Jessica: I try to not focus on that as much as possible. I try to pull gender out as much as I can, and really focus on the people because, quite honestly, I don’t see how gender is relevant to playing a video game. It doesn’t make me get more headshots; it doesn’t make me get less headshots. It doesn’t make me play smarter; it doesn’t make me play dumber. I’m going to play how I play because of who I am and that’s not related to my gender.  
 
CB: So that’s what you do.  
 
Jessica: That’s what I do. 
 
CB: What has been your experience, you know, in terms of how you get treated as a woman when you play or go to cons? 
 
Jessica: That is an incredibly complicated question. 
 
CB: Yeah, but if I asked it when I interviewed Jacob [Benton; interviewed here], it wouldn’t have made any sense.  
 
Jessica: [laughs] Yeah, yeah. I would say sometimes I probably get treated differently. Sometimes it’s in a good way, and sometimes it’s in a bad way. So I do believe that it all evens out.  
 
CB: So what was your reaction when you were first approached by 343? You’d already been working with Waypoint, for quite some time [High-profile fans and fan groups are occasionally approached to contribute fan content to Waypoint. Jessica had been working with Waypoint in this capacity for months before she was hired], but when they said “Hey! Come on in an interview,” what was that like? 
 
Jessica: It was exciting, and it was frightening, and I wasn’t sure it was something I wanted to do and take on for a job. It’s completely different than when you have it as a hobby, and I had loved Halo for eight or nine years before I had it as a job. So part of me, that instant it was offered, was all “Oh my god, yes. Best dream job ever!” The realistic part of me really had to sit down and think, though, was this something I wanted? I never had any aspirations to be in the video game industry, so it’s not as if it was something that I’ve always been working toward. It was something that just happened. Now that I’ve done it, it’s crazy. I compare it to a roller coaster: it’s this insanely awesome ride, and I’m just going to ride it for as long as it’ll have me. That’s been my philosophy the whole time. Didn’t expect to get on this ride, don’t know when I’ll get off, but here I am, enjoying every second of it.  
 
CB: So what were your first impressions of life at 343?  
 
Jessica: My very first day…I started on the day that Reach launched. So of course, I came in and there were tons of launch events, both internal and external. I spent my first week doing nothing but launch parties. I found myself thinking, “Wow, this is pretty much the greatest job ever! Party, party, party!” Another thing that happened was when I started, nothing game-wise had been announced. All that was known was Reach.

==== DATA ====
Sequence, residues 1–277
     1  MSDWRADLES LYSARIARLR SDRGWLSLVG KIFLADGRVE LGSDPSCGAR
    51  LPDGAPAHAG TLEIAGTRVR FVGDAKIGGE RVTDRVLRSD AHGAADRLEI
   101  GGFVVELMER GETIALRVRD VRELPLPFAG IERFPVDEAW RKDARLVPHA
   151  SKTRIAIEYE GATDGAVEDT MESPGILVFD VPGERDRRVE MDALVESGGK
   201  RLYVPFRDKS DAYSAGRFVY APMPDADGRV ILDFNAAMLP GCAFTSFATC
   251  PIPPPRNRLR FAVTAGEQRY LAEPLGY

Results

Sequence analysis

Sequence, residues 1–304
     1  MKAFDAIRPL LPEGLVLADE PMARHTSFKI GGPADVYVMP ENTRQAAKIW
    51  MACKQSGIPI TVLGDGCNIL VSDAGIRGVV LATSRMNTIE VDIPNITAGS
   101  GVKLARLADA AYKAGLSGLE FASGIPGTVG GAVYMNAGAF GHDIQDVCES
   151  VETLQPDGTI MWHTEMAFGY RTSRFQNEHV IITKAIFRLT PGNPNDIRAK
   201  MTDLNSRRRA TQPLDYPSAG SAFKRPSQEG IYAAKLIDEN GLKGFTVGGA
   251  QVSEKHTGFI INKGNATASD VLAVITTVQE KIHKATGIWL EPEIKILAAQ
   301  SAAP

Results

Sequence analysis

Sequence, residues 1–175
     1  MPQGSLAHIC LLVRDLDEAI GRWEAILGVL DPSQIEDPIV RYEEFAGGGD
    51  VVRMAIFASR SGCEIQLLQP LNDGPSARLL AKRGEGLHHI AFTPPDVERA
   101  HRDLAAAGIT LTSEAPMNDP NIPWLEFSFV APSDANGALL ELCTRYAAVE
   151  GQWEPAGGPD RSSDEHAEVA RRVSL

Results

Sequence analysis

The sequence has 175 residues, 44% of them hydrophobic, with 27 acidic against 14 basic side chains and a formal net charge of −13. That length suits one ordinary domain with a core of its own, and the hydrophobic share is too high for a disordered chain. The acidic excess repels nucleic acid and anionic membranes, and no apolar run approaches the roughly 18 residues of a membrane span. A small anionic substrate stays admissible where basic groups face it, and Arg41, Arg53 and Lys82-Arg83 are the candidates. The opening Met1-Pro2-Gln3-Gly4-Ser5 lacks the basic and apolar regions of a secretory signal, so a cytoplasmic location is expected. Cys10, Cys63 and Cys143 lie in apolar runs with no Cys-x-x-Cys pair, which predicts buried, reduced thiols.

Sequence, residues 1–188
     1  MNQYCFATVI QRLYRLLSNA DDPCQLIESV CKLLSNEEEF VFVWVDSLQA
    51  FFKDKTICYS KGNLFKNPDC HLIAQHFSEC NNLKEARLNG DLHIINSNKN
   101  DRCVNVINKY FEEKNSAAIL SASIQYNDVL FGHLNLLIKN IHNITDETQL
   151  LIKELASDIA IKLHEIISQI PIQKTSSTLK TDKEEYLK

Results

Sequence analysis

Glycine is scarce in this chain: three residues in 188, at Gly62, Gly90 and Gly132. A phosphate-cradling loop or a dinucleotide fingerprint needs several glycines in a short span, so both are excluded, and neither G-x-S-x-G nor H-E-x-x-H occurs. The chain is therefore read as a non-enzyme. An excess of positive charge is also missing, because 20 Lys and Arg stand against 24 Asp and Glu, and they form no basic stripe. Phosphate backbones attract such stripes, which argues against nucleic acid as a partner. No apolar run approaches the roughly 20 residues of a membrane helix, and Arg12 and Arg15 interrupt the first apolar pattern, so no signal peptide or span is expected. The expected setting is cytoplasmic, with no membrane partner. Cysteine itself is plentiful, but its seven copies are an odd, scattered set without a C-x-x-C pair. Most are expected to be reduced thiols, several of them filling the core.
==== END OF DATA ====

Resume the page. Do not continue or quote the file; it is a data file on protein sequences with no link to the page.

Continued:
So I came in, and the first thing I heard about was Anniversary. I about pooped my pants. The next thing I heard about was Halo 4, and so then, of course, I definitely pooped my pants. My head exploded so many times on that first day!  
As far as the studio goes, I think what was apparent in the early days was just how much everybody loves Halo, and I think that’s one of the coolest things about 343.  Bungie created Halo. They created this legacy, and they did such an incredible job, and we got the honor of continuing it. So when people come here, they’ve come here to work on Halo. They haven’t accidentally stumbled upon it. Everybody that’s come here, this is what they want to do. They want to do Halo, so I think it’s very unique in that regard where the passion runs incredibly high for what everybody’s working on.  
 
CB: So you’re a very public part of Halo, but people’s perceptions based on your public persona, it’s not really an accurate reflection of what it is you do here. So what is your job title, and what do you do in any given week? 
 
Jessica: My job title is Community Manager, and if you ask the community what I do every week, they will tell you I have a five-minute work-week, four minutes of it spent looking at cat pictures, and one minute of it spent posting on Twitter.  
 While I do probably spend four minutes looking at cat pictures, I spend much more time posting on Twitter (LOL). I also manage anything having to do with the community and everything that it entails. So that’s everything from social media, to blog posts, to the content on Halo Waypoint, to all of the behind-the-scenes stuff. I go to meetings about the website, where we discuss everything from how it’s being redesigned to if it’s having issues, and how to fix those issues. The website, the forums, the console app, the game--for every experience a community member has, I am in the relevant meetings. I am a part of those decisions, and my job is to represent the community. I tell various teams what the community thinks, what they want, what’s okay, what’s not okay, and basically fight for them when needed. That involves a whole lot of fun stuff, and then that also involves more of the daily grind.  
 
CB: So what have been some of the challenges from somebody in your position, in these months leading up to the release of the new game, 343’s first entirely original creation? 
 
Jessica: My biggest personal challenge was when we made the very first Halo 4 announcement at E3 (in 2010), and then how long we waited before we shared any information about it. It’s really hard to stay quiet about something, especially when the fans are clamoring for new information, and then not being about to give it to them because there’s a greater plan in place.